Many lifestyle factors can contribute to low thyroid function, including stress, inadequate light exposure and exposures to endocrine-disrupting chemicals. In terms of diet, high polyunsaturated fat (PUFA) intake, including linoleic acid , is a major culprit, as PUFAs interfere with your cell's ability to use active thyroid hormone. With so many factors potentially affecting your endocrine health, where should you begin to get it all sorted out? Littlewood recommends targeting your diet first: "One of the most common themes that I've found — and my practice is probably about 70% females overall — it's getting enough protein in, it's getting enough calories in, it's getting enough carbohydrates in and making sure that you can utilize those carbohydrates quite well … what you should be able to do is utilize carbohydrates as a fuel, everybody should be able to do it." Low-carb diets can wreak havoc with your thyroid. For healthy thyroid function, you need to make sure T4 can be eficiently converted into T3. To encourage the conversion of T4 to T3, eat a diet of whole, unprocessed or minimally processed foods and make sure you include enough protein and healthy, easily digested carbs that won't cause intestinal irritation or endotoxin production, such as whole fruit. Littlewood explains that he often sees issues among his patients who have followed low-carb diets: "This is something that I've seen with lots of females coming in who've gone keto, they've gone carnivore and they're experiencing more disturbed menstrual cycles, increased hair loss. You can see that they're progesterone deficient. You see that estrogen taking a hold, and this is where it becomes problematic and you start to see the sleep, the digestion, the mood, energy, all of these things that tend to go out of whack. So, I would say that the diet is the base for everybody to get that right. A lot of people are unsure of some of the chemicals that are around, and they tend to become more aware of that as the process goes on. So, I do think it's getting the diet right first of all. I think it's becoming aware of the things that could potentially disrupt thyroid, decrease progesterone, increase estrogen, and then you could start to look at that straight away. But it's certainly something, I often work for at least a month or two, getting the diet right before you even consider entertaining them to think about thyroid hormone." Fixing your gut health is also important. "Digestion goes hand in hand with thyroid. It goes hand in hand with regulating thyroid, absorbing thyroid from the gut as well, and also how to regulate insulin as well. And if you can't digest your nutrients, you are always going to have a problem with supporting the thyroid," Littlewood says.

Many people believe that they are low in estrogen due to bloodwork, when they actually have high levels in their organs. This is because serum estrogen levels are not representative of estrogen that's stored in tissues. Estrogen can be low in plasma, but high in tissues. Estrogen inhibits the conversion of T4 to T3, and is one of the major contributors to cancer in my view, but many clinicians assume serum levels are equivalent to tissue levels — and they're not. So, many people get false low results when their estrogen levels are actually high. "The highest amount of T3 is found intracellularly. It's not in serum. So, if you apply that rationale to estradiol, for example, and maybe the other weaker estrogens like estrone and estriol, they are going to be in the tissues. Now, bear in mind, if you have any amount of adipose tissue, you are generating estrogen by default, and the amount of aromatase that's being produced will convert testosterone and other hormones also to estrogen," Littlewood explains. A better option for gauging estrogen levels in fat and tissues is a prolactin blood test. Estrogen promotes the production of prolactin, which is a hormone produced by the pituitary gland:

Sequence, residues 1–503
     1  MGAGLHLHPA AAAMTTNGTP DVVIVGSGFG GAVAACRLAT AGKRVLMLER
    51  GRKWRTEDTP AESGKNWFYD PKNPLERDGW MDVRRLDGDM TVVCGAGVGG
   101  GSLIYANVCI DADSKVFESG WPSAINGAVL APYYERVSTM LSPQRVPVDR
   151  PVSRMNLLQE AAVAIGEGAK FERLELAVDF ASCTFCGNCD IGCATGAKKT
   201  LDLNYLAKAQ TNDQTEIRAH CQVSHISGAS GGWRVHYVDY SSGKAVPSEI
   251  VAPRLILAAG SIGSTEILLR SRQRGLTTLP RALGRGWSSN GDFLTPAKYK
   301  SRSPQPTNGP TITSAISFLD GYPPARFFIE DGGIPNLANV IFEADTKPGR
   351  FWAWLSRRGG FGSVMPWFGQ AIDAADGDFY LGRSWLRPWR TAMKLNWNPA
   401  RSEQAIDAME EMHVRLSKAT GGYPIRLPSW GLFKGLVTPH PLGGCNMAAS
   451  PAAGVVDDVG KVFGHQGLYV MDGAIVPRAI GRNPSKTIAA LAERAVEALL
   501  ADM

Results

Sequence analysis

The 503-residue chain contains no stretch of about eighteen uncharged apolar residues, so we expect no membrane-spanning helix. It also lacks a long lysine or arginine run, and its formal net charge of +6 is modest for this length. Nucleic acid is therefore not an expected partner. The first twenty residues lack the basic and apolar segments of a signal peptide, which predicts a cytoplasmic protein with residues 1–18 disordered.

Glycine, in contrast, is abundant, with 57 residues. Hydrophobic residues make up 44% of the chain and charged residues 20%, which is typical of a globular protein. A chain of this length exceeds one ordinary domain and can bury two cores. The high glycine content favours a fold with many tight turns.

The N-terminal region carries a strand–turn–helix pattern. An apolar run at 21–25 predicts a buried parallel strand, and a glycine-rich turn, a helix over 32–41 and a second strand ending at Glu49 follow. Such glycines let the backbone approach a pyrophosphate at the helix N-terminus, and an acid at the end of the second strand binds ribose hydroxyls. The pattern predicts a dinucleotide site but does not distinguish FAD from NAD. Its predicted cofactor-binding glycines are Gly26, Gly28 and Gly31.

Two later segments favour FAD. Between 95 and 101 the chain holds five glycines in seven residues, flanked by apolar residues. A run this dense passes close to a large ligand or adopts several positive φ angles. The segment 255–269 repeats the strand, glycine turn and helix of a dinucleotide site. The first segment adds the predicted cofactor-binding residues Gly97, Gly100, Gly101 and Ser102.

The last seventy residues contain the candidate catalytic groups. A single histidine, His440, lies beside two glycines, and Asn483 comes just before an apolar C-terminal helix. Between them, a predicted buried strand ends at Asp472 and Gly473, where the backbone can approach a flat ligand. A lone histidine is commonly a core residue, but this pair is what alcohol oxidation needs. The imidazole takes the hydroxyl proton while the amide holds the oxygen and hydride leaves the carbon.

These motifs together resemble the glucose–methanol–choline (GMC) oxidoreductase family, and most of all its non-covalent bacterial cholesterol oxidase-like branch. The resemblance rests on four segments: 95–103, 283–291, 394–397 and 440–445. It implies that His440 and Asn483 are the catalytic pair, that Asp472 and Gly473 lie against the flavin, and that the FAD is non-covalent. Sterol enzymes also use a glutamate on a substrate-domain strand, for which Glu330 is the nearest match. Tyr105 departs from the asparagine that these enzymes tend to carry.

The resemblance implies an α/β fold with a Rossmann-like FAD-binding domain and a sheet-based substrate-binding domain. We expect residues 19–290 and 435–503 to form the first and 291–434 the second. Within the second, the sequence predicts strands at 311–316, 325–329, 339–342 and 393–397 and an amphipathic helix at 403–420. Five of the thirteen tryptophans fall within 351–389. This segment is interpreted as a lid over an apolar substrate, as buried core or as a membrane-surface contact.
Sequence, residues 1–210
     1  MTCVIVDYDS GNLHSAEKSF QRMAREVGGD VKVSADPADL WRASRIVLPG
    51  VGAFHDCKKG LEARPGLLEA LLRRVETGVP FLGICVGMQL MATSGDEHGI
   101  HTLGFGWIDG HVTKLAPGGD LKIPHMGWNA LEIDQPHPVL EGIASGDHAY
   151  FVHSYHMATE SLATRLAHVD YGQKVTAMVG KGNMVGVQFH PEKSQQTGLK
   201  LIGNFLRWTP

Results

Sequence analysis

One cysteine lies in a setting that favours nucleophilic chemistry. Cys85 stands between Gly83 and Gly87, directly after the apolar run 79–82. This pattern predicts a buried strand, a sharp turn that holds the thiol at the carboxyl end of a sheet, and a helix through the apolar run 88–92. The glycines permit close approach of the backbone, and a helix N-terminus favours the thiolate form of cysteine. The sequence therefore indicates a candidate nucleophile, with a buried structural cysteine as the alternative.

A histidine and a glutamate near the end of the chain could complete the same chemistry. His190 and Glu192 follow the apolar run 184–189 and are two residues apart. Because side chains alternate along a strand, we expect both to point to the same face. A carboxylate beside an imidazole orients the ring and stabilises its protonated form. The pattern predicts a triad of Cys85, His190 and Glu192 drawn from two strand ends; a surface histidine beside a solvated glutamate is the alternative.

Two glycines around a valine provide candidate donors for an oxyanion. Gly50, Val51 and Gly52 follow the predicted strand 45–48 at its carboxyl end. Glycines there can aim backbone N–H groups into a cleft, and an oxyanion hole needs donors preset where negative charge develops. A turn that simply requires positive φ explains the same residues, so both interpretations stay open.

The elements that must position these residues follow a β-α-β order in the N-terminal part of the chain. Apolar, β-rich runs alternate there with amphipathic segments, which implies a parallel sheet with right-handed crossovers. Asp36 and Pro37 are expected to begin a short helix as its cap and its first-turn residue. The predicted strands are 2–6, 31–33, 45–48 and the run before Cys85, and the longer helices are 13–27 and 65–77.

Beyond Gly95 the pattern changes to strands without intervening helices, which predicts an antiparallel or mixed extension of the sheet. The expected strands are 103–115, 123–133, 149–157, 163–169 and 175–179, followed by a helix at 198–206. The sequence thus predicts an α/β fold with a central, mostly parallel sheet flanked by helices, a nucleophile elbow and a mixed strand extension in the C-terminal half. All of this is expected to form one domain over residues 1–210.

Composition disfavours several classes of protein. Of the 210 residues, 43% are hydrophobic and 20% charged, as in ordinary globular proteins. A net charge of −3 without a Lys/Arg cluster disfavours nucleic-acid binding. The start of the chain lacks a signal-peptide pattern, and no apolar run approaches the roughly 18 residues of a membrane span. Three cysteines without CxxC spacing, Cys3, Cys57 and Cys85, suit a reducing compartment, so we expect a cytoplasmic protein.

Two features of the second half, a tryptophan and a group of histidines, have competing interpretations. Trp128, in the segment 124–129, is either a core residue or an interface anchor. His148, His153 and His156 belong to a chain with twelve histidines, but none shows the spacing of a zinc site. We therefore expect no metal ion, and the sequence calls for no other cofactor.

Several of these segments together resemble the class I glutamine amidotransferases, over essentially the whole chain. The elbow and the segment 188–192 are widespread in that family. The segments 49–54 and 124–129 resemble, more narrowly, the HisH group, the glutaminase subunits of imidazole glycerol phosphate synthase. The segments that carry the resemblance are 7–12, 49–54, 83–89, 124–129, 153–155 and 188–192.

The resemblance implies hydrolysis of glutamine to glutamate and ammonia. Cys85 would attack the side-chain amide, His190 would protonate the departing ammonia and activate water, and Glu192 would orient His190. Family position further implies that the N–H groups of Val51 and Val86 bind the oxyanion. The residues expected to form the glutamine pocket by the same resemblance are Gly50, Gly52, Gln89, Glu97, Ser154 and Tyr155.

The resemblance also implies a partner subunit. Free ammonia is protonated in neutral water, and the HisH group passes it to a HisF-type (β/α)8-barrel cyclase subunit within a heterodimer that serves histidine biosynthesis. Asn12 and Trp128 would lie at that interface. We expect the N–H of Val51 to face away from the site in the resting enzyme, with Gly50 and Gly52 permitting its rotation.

"Prolactin can be very, very useful. I think keeping prolactin round about 10 milligrams per deciliter is the general idea. I think the average reference range is anywhere from 20 up to a couple of hundred … when you start to see prolactin that high, you start to infer that there're going to be some problems probably related to high estrogen. Sometimes you can actually look at someone and tell whether they're estrogen dominant. You can certainly see it in guys drinking a lot of beer, a lot of phytoestrogens. You will tend to see a combination of weight gain that is promoted by high phytoestrogen exposure. And in females, you can see that too. There are certainly estrogen-like traits with increased adiposity, certainly hormone dysregulation, which can go from dysregulated cycles to heavy clotting to dysmenorrhea, amenorrhea. It can go both ways. And there are, again, the mixing or muddying of the water tends to be confiated by the increased estradiol will suppress thyroid hormone, will suppress progesterone … I think keeping prolactin as low as possible is great. And … progesterone will do that. It is predominantly a female hormone, but men do need it as well."

Before you consider using progesterone it is important to understand that it is not a magic bullet and you get the most benefit by implementing a Bioenergetic diet approach that allows you to effectively burn glucose as your primary fuel without backing up electrons in your mitochondria that reduces your energy production. My new book, Cellular Health the Unified Theory of All Disease for Ultimate Longevity and Joy comes out very soon and covers this process in great detail. Once you have dialed in your diet, an effective strategy that can help counteract estrogen excess is to take transmucosal progesterone (not oral or transdermal), which is a natural estrogen antagonist. Progesterone is one of only four hormones I believe many adults can benefit from. (The other three are thyroid hormone T3, DHEA and pregnenolone.) I do not recommend transdermal progesterone, as your skin expresses high levels of 5- alpha reductase enzyme, which causes a significant portion of the progesterone you're taking to be irreversibly converted primarily into allopregnanolone and cannot be converted back into progesterone.